Young drivers learn dangers of texting

Published On: Apr 28 2014 04:28:58 PM EDT   Updated On: Apr 28 2014 07:08:24 PM EDT

VIDEO: Distracted driving is the leading cause of traffic accidents in the country and Atlantic Coast High School students learned some way to stay safe.


Distracted driving is the leading cause of traffic crashes in the U.S., and the National Highway Traffic Safety Administration says cellphones are the No. 1 driver distraction.

On Monday some young drivers at Atlantic Coast High School learned some of the ways to keep themselves out of danger.

Young people are well-known for being much better multitaskers than their elders. But when it comes to driving, attorney Wayne Hogan says multitasking is a myth once someone picks up a phone.

"At that point, your brain has left the job of driving the vehicle and you've turned it over to luck," Hogan said.

Hogan gives talks like that regularly to young drivers, with examples of how it is impossible to text and drive safely.

Although the driver's education class at Atlantic Coast High may get the message, Hogan said parents may be the ones who need to hear it the most.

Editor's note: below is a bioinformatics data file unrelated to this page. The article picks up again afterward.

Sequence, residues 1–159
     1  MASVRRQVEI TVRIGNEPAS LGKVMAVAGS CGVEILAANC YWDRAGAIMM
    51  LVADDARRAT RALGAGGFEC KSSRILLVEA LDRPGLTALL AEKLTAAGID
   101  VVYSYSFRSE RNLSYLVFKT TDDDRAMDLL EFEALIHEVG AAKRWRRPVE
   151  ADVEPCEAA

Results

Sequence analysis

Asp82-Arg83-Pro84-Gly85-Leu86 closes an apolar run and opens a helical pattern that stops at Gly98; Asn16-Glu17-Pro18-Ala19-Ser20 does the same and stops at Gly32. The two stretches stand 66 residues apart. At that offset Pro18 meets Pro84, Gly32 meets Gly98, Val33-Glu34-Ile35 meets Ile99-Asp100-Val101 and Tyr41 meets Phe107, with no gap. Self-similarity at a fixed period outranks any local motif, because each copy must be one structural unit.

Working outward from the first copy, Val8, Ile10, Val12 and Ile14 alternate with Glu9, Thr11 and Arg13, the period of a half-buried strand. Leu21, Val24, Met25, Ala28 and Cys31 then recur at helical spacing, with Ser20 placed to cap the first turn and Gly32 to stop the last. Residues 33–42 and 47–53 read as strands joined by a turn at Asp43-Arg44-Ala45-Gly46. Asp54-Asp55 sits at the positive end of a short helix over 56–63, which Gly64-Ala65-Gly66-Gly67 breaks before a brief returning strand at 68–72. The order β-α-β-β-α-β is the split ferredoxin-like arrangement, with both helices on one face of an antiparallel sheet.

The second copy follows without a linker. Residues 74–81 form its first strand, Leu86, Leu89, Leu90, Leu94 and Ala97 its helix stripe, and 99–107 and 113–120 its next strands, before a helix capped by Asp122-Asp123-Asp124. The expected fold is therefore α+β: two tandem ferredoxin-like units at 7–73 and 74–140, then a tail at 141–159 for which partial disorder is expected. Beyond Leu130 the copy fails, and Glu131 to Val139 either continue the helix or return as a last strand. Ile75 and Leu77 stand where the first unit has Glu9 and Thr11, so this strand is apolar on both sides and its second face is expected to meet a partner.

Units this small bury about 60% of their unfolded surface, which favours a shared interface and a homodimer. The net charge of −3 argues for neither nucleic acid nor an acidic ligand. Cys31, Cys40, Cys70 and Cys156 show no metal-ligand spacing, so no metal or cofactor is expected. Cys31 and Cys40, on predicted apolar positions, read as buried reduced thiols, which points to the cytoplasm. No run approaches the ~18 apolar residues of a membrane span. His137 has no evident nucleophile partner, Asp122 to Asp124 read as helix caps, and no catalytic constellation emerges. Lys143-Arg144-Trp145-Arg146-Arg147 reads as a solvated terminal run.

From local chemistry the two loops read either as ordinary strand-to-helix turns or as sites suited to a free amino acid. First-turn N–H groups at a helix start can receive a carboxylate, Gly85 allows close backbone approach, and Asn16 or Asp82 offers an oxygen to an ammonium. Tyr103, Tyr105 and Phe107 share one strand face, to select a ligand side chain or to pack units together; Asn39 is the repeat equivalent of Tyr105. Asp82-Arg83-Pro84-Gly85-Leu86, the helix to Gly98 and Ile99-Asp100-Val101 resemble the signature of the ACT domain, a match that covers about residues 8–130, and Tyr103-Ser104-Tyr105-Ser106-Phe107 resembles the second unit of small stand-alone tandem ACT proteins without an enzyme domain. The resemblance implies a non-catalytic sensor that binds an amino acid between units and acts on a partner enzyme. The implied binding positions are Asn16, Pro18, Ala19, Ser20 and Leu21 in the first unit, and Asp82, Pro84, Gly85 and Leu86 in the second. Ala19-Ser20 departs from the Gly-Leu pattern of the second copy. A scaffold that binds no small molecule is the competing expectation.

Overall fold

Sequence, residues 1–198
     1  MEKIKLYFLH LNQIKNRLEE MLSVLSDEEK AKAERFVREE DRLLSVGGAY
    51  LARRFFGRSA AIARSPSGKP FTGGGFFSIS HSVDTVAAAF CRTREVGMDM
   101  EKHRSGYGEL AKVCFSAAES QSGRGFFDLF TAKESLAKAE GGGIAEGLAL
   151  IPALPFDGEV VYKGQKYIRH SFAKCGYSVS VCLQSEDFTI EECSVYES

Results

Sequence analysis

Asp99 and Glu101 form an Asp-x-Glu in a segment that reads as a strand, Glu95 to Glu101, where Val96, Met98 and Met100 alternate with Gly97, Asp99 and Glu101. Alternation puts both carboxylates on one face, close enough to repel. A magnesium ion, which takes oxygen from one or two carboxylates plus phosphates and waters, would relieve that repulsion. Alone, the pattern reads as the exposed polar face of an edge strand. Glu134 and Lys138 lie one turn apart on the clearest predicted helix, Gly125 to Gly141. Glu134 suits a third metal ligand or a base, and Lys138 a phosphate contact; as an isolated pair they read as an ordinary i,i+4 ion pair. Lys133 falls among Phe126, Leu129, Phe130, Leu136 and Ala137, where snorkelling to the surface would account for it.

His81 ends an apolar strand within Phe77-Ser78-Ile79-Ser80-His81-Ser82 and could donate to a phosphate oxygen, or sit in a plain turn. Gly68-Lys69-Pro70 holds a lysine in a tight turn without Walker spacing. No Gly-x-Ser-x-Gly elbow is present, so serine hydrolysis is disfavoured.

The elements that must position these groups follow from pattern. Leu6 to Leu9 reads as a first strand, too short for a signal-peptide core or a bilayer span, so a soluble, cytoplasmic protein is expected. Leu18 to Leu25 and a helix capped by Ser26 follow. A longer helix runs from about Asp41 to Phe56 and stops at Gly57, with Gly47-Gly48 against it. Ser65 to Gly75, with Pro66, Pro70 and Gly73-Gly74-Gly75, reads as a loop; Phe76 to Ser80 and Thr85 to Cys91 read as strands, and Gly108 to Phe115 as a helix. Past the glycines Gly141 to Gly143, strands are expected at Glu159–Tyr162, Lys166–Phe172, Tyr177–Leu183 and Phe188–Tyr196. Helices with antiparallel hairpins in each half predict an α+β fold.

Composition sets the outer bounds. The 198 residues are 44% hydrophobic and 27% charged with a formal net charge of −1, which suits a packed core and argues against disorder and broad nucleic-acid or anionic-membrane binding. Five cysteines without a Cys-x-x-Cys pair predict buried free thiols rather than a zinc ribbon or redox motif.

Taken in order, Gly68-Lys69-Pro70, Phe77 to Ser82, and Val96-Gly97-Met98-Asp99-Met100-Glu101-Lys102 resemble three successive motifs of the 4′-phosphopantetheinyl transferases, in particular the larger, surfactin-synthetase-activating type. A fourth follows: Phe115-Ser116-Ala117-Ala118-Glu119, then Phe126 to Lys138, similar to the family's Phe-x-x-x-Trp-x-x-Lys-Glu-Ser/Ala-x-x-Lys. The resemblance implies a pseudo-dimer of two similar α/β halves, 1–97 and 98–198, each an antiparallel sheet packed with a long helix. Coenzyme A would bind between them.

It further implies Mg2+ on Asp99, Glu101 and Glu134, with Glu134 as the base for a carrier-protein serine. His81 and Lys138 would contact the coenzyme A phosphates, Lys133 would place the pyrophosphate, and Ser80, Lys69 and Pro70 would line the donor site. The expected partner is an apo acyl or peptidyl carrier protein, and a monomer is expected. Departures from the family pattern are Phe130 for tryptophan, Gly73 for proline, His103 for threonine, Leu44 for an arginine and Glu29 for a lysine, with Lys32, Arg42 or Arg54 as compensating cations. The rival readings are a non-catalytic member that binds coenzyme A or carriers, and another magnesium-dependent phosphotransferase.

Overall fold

"We're hoping that this kind of education that we're doing with students will cause them to say, 'Mom, dad, you told me not to do that, but we've learned a lot more; you shouldn't do it,'" Hogan said.

"I've seen many many parents text and drive, and myself, I've been in the car with parents who have texted and drive also," said sophomore Chance Clemons.

Clemons said he has had a friend seriously hurt while texting and driving.

In Florida, texting and driving fines can range from $99 to $160 as a secondary violation.

Hogan believes the law should be stronger, but it's a start.

"These days at least a parent is able to say to a budding driver, a teenager, it's illegal to do it," he said. "Previously they weren't able to say that it's illegal to do it, and that matters."

Senior Shelly Cornish has been a passenger in a car hit by a texting driver and is concerned the decision to put down the phone won't get through until it's too late.

"I think it goes in one ear and out the other, and like I said, nobody understands until something happens to them, which is really bad," Cornish said.

For more about End Distracted Driving, the foundation that makes the distracted driving education possible, go to The foundation was set up in memory of a journalism student who was killed by a distracted driver.


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